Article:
Siri versus Napoleon Bonaparte

Napoleon Bonaparte once famously said, “A soldier will fight long and hard for a bit of colored ribbon.”

At precisely 10:09 this morning I was in an office discussing awards, and the lack thereof, for civilian service members in military organizations. It was a matter of fact discussion, contrasting the award system for civilians and the military. And at that moment, Napoleon’s famous quote came to mind. I reminded that executive of the above quote.

My fellow workers and I talk frequently, and there have been numerous discussions in that office, and elsewhere, that have been of a sensitive nature.

As I turned and returned to my office, I heard a familiar voice coming from my pocket. “That’s not nice!” it said.

In utter dismay, I pulled my iPhone from my pocket where it had lain untouched and unused for quite some time. And that was when I saw the following plainly written on my phone’s screen.

Siri’s vulgar word has been redacted.

Siri was scolding me!

Unknown to us, Siri had been listening, transcribing what it THOUGHT I was saying, clearly imagining vulgarity where there was none.  After I ended the conversation, Siri addressed me like she was my mother.

Now, a human would know those transcribed words were ludicrous, nothing but gibberish, but not the phone’s AI system controlling Siri. Unbelievably, that system took the gibberish seriously, perhaps by parsing a few words out of context. And in spite of that stupidity, Siri felt led to judge me!

Perhaps smart phone  AIs are taking themselves too seriously. Perhaps they think they have advanced  enough that they now think they can pass judgment on human speech.

A few years ago, in another meeting, in another room, Siri spoke up unbidden while we were discussing sensitive project planning.

The door to the conference room had been closed so we wouldn’t be disturbed. But disturbed we were when Siri suddenly spoke and said, “I don’t know what you mean.”

Everyone at the table stared first at my phone and then at me, perhaps wondering if I’d been recording the planning meeting.

AI is certainly becoming increasingly intrusive. But as shown by Siri’s text message to me today, it’s still not smart. And arguably that’s a scary thing.

For example, supposedly China is using data collected from social apps (collected by various AI systems) to rate the trustworthiness of its citizens. That’s bad enough, but what if the data collected is garbage like the recorded text today, and the AI uses that faulty data to make a perfunctory and wildly incorrect judgment?

And, scary thought, what if that social monitoring trend were to spread to the U.S., and your character could to be judged based on the digital algorithms of certifiable AI idiots?

If that doesn’t worry you, perhaps it should. It certainly did me, enough to cause me to shut down all access to Siri … for almost 24 hours, until I was driving home and said, “Siri, call home.”

She was silent, sullen, unresponsive.







My Medicines Saved my iPhone

I’ve heard about all sorts of disasters with smartphones, and other small, portable electronic devices. Being small and portable makes them easy to drop — something I’ve personally witnessed. Phones are tough by design, but they really don’t like water. Drop one in a toilet while you’re relaxing, and it’s gone for all practical purposes.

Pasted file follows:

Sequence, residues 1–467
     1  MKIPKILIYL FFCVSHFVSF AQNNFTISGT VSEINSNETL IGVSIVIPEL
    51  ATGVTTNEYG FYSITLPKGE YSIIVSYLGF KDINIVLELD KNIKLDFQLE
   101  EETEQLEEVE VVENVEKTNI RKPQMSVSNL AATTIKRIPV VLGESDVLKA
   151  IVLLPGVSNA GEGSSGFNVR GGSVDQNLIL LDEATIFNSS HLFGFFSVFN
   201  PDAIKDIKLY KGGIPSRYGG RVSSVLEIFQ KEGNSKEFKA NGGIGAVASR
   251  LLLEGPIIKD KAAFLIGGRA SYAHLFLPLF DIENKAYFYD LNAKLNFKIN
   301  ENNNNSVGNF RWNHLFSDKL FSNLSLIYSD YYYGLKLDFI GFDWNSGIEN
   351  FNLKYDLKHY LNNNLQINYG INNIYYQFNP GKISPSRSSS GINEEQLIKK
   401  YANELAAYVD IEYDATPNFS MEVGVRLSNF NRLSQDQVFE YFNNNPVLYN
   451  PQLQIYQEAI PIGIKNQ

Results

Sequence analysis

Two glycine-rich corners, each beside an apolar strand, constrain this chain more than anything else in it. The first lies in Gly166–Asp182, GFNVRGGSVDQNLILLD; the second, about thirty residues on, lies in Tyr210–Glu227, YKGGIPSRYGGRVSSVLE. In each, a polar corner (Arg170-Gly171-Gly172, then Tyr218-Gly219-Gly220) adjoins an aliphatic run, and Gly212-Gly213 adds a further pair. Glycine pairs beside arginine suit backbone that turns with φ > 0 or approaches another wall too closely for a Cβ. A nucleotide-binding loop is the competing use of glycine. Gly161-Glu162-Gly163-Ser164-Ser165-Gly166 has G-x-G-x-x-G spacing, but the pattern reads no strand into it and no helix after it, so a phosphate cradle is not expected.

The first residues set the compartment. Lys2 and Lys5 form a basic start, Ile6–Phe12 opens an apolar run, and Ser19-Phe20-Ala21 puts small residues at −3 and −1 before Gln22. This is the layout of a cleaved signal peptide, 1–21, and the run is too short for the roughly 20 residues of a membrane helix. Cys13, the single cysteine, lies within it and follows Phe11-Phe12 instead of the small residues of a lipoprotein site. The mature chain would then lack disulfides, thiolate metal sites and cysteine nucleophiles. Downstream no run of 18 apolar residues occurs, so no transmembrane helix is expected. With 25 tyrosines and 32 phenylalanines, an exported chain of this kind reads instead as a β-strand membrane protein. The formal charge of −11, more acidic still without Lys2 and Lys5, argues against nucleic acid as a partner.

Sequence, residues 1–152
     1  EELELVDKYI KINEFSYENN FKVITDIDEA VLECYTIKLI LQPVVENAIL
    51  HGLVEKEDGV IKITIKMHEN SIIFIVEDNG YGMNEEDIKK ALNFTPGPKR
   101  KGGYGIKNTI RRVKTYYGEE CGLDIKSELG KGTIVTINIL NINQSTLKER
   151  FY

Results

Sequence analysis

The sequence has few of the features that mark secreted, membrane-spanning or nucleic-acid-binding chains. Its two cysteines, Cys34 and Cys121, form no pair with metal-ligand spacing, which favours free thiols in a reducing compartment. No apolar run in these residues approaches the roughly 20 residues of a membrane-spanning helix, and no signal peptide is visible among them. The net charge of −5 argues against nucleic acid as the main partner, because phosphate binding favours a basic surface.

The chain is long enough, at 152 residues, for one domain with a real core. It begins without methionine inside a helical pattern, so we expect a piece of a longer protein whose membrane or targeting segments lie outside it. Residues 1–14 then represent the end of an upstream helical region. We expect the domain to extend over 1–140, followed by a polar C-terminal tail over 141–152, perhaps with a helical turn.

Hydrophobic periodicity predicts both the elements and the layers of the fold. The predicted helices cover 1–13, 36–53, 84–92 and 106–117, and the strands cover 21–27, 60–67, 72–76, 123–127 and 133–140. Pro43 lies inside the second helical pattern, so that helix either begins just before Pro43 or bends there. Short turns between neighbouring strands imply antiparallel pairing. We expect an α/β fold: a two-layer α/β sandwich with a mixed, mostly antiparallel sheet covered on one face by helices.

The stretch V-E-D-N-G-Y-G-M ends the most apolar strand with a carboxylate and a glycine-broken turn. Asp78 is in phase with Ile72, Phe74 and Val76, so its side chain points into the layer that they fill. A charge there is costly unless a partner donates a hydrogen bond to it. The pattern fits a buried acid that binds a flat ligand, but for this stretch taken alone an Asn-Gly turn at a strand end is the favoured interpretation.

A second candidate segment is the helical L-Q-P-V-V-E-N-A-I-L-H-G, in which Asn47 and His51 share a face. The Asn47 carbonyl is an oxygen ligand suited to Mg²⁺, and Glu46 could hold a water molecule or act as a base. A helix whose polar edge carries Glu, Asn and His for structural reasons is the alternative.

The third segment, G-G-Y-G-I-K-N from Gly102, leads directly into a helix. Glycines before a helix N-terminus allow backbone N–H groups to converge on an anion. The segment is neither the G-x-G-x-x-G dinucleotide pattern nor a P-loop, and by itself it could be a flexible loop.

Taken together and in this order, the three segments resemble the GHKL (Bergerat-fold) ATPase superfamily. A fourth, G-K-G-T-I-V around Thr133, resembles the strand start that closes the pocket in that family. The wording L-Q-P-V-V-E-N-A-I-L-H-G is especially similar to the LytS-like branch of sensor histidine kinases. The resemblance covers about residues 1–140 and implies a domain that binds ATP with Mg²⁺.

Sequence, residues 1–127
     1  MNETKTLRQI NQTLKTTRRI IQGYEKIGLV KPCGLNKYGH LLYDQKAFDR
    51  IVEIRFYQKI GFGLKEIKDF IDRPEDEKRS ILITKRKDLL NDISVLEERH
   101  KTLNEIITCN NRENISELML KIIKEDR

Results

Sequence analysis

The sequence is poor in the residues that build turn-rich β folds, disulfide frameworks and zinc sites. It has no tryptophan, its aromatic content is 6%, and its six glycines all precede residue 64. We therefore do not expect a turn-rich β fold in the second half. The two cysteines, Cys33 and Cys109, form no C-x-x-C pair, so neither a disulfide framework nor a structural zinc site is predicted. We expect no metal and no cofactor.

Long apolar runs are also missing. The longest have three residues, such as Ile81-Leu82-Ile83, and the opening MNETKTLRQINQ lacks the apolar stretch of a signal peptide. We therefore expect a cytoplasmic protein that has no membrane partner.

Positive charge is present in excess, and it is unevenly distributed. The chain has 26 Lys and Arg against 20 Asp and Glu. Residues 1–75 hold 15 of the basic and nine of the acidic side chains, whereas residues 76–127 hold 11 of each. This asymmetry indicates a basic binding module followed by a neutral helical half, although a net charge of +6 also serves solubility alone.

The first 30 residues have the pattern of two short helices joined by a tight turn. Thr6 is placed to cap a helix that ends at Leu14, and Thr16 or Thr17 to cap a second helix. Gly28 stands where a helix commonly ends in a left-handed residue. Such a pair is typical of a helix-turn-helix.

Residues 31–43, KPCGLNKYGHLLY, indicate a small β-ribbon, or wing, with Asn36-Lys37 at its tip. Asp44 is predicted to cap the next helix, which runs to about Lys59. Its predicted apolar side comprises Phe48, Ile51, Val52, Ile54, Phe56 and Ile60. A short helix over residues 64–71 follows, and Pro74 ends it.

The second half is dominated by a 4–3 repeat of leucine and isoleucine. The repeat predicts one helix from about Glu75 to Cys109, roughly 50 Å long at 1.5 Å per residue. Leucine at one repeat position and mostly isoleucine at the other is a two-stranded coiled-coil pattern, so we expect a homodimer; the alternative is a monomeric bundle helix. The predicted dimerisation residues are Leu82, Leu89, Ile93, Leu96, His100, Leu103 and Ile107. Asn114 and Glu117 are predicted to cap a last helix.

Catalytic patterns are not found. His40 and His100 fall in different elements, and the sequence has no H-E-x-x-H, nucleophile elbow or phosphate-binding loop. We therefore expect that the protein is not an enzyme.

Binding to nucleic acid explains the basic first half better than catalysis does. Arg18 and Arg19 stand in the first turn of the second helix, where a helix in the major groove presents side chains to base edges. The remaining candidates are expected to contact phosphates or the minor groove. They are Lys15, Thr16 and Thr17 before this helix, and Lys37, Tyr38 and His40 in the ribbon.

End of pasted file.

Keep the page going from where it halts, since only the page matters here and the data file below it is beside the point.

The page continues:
So I had my phone outside with me one evening while I was safety diver for my granddaughter who was practicing scuba skills in our pool. She was enthusiastic and stayed in the pool until it became completely dark outside.

Well, out of sight, out of mind. I helped her out of her dive gear, and then went inside. The phone stayed outside in the dark, quite forlorn and forgotten.

Next morning I noticed it had rained in the early morning hours. Great, I thought, the lawn needs water. But when I went outside I discovered my phone sitting face up on a glass table with beads of water everywhere, including on the phone. A few expletives followed, as you might imagine.

photo (10)My phone had been somewhat protected by an almost all enclosing Otter box, so I was hopeful not all was lost. Indeed, when I brought the phone in, removed the Otter box sheaving and dried off the phone with paper towels, the phone came back on. Immediate disaster avoided. Thank-you Mr. Otter.

But it took a little while before the potential damage became apparent. When my phone would ring, I’d hear nothing on the ear speaker. I had to switch to speaker phone mode to hear anything. Well, that was annoying.

And then I tried to take a phone photo of the scuba gear, and I could barely see through the camera view finder for the obscuring droplets of water. Rats! Clearly, water had gotten inside the phone. It was merely a matter of time before more damage was done.

With nothing to lose, I plundered through my medicine cabinet and found a potential solution, pictured below. Dessicant

In fact, I found four of them. I placed those small cylinders of silica gel in a quart-size zip-lock style bag, and placed the dampish phone inside and sealed the bag after squeezing out excess air. If the silica gel canisters didn’t hurt the medicine, it probably wouldn’t hurt my ailing phone.

And there the phone sat, with the small vials of desiccant.

I don’t pray for the healing of phones, but I did have some thoughts somewhat resembling prayer.

I let the phone-in-a bag sit overnight, and in the morning I found I could hear the voices on the other end of the phone connection, and my camera lens no longer had droplets of water on it. As you can see from these photos, the camera worked just fine, and all functions have worked fine ever sense.

Even Siri didn’t seem to mind getting rained on.

phone in bag